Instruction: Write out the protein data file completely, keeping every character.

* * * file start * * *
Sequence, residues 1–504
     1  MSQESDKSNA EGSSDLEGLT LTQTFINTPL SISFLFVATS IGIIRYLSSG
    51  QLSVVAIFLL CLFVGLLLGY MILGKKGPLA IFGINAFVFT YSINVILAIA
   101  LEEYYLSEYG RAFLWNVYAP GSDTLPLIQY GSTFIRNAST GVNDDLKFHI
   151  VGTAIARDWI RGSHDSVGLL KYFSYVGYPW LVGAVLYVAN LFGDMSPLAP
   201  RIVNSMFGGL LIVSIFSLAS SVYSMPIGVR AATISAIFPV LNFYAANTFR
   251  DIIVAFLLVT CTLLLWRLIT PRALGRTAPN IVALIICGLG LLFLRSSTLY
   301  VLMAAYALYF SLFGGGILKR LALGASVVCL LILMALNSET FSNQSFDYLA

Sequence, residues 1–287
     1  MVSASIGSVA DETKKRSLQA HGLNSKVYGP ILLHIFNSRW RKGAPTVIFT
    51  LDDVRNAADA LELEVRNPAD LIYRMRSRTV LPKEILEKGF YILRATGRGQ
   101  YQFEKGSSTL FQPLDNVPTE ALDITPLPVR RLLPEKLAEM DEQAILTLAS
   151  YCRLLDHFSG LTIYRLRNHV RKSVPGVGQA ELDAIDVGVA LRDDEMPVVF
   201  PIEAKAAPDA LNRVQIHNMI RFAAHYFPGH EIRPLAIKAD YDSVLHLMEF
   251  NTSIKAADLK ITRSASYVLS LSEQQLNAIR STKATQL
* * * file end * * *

Sequence, residues 1–504
     1  MSQESDKSNA EGSSDLEGLT LTQTFINTPL SISFLFVATS IGIIRYLSSG
    51  QLSVVAIFLL CLFVGLLLGY MILGKKGPLA IFGINAFVFT YSINVILAIA
   101  LEEYYLSEYG RAFLWNVYAP GSDTLPLIQY GSTFIRNAST GVNDDLKFHI
   151  VGTAIARDWI RGSHDSVGLL KYFSYVGYPW LVGAVLYVAN LFGDMSPLAP
   201  RIVNSMFGGL LIVSIFSLAS SVYSMPIGVR AATISAIFPV LNFYAANTFR
   251  DIIVAFLLVT CTLLLWRLIT PRALGRTAPN IVALIICGLG LLFLRSSTLY
   301  VLMAAYALYF SLFGGGILKR LALGASVVCL LILMALNSET FSNQSFDYLA

Sequence, residues 1–287
     1  MVSASIGSVA DETKKRSLQA HGLNSKVYGP ILLHIFNSRW RKGAPTVIFT
    51  LDDVRNAADA LELEVRNPAD LIYRMRSRTV LPKEILEKGF YILRATGRGQ
   101  YQFEKGSSTL FQPLDNVPTE ALDITPLPVR RLLPEKLAEM DEQAILTLAS
   151  YCRLLDHFSG LTIYRLRNHV RKSVPGVGQA ELDAIDVGVA LRDDEMPVVF
   201  PIEAKAAPDA LNRVQIHNMI RFAAHYFPGH EIRPLAIKAD YDSVLHLMEF
   251  NTSIKAADLK ITRSASYVLS LSEQQLNAIR STKATQL